The moral there of course is to buy equipment that has proven reliability and is durable. Again, talking about Aron….if his tool had broken up in use, and he had failed to sever his arm, he would not be alive today.

 

 

For your next trip to India, try these guys…

 

Planning any trip can be daunting. Planning a trip to the East, doubly so!

Even though english is widely spoken and understood, there are certain nuances and subtle ways of communicating that we in the west are not familiar with. So by all means, if you want the headache of arranging everything yourself, or prefer it that way, it can be done.

Myself, during all the trips I have made to India and the Far East, I have used only one firm, which I’m going to tell you about now.

Not only can they offer ready-made treks and trips, but if you want a specifically tailored one, they are more than happy to do that for you. I normally prefer to have a package set up, but with the option of walking away on my own and getting back to the organizers for the flight back home.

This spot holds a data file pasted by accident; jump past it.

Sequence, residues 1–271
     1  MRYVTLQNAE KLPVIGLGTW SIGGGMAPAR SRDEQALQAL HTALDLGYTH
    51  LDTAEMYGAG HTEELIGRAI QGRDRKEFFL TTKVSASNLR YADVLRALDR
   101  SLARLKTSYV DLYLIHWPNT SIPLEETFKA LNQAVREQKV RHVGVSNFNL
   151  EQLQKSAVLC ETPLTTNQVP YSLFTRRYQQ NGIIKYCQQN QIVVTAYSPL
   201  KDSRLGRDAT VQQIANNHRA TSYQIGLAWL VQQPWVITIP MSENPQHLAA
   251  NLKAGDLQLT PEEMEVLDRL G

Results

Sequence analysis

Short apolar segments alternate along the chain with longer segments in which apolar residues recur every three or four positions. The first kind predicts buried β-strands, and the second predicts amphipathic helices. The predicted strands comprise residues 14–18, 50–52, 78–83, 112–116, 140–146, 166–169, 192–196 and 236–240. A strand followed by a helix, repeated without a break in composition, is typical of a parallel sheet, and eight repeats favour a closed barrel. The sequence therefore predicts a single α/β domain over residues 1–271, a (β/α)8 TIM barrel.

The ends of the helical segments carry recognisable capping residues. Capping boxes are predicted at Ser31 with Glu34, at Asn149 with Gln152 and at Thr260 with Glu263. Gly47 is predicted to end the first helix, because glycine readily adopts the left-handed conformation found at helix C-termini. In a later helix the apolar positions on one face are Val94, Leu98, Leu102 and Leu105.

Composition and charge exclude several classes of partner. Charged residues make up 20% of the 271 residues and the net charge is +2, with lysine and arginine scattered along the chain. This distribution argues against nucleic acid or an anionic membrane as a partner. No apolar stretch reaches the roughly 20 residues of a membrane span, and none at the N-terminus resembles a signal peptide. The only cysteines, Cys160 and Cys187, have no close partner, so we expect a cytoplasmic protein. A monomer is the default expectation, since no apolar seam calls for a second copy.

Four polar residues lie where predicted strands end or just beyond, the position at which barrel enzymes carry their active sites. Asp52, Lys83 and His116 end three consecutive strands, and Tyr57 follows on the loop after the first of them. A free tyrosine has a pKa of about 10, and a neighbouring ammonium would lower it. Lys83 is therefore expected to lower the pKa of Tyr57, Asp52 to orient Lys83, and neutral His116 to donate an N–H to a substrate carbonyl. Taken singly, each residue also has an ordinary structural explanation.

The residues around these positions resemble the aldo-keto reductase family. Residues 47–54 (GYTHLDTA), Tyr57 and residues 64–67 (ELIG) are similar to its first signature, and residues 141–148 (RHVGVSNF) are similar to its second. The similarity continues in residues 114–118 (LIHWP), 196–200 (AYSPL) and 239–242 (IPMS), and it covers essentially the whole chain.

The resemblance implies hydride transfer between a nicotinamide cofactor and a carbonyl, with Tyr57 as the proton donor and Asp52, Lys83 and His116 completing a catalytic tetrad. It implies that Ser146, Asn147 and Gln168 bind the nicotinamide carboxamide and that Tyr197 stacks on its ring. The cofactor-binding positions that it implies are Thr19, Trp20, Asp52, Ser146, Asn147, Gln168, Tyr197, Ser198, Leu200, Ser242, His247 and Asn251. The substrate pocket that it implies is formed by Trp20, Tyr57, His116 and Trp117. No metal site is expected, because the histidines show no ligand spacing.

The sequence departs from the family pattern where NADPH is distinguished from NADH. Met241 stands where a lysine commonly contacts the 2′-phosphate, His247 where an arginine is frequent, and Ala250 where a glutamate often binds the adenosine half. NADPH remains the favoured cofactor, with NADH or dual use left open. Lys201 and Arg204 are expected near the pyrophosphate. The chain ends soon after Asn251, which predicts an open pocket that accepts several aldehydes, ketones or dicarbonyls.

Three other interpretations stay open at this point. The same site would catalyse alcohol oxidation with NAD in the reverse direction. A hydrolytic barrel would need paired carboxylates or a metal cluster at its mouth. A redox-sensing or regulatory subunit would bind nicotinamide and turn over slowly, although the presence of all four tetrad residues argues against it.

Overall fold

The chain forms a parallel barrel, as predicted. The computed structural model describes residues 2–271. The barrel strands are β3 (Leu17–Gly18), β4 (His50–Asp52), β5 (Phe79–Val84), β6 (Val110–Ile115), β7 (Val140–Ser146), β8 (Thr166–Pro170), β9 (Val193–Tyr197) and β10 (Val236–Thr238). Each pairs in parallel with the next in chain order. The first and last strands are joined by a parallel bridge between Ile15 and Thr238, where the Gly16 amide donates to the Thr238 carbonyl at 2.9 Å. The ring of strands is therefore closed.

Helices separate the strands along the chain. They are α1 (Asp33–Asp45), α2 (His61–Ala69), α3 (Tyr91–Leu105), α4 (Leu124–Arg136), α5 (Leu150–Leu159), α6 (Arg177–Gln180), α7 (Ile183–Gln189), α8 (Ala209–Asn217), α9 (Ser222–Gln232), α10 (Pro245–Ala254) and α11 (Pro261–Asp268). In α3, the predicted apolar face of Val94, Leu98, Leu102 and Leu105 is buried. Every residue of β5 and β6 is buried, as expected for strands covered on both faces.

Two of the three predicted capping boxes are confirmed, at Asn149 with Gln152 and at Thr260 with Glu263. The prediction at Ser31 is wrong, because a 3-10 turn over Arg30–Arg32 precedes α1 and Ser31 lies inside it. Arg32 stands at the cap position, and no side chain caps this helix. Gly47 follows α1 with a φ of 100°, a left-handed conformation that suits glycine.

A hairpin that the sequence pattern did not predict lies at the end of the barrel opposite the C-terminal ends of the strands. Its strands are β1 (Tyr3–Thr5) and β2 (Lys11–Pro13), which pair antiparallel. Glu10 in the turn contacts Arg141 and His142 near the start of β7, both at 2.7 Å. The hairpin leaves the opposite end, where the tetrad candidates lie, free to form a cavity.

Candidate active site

The company is Royal Rajasthan Tours, and despite the name, they cover more than just Rajasthan. I have asked them to arrange tours for myself and my hiking party in Ladakh, Nepal, Tibet and also as far as China and Japan.

Apart from me recommending them they must be doing something right, as www.traveladvisor.com have also recommended them.

Theirs is the only company I know where the Director sometimes travels with a tour! Apart from the rather novel idea, having the Director travelling with you instills a certain amount of peace of mind, showing customers that if the owner is also travelling with them, then he must be confident of their ability to deliver.

I’ve used them so many times, and recommended countless friends and colleagues of mine, that I know both the Directors by name. My initial contact has always been Jag Suman…he takes care of tours for customers from the USA/Canada and Europe, whilst Bhupendar Singh has the responsibility of running the tours themselves. Both guys are very friendly and can speak a number of languages aside of english.

If money is no problem, you can opt for the 5 star tours, which include a personal pick up from Delhi International airport by their very own classically dressed drivers and chaperones, by limousine, direct to your chosen 5 star hotel!

If you’re on a budget like me, that’s no problem either. They arrange everything.

Next time, give them a try.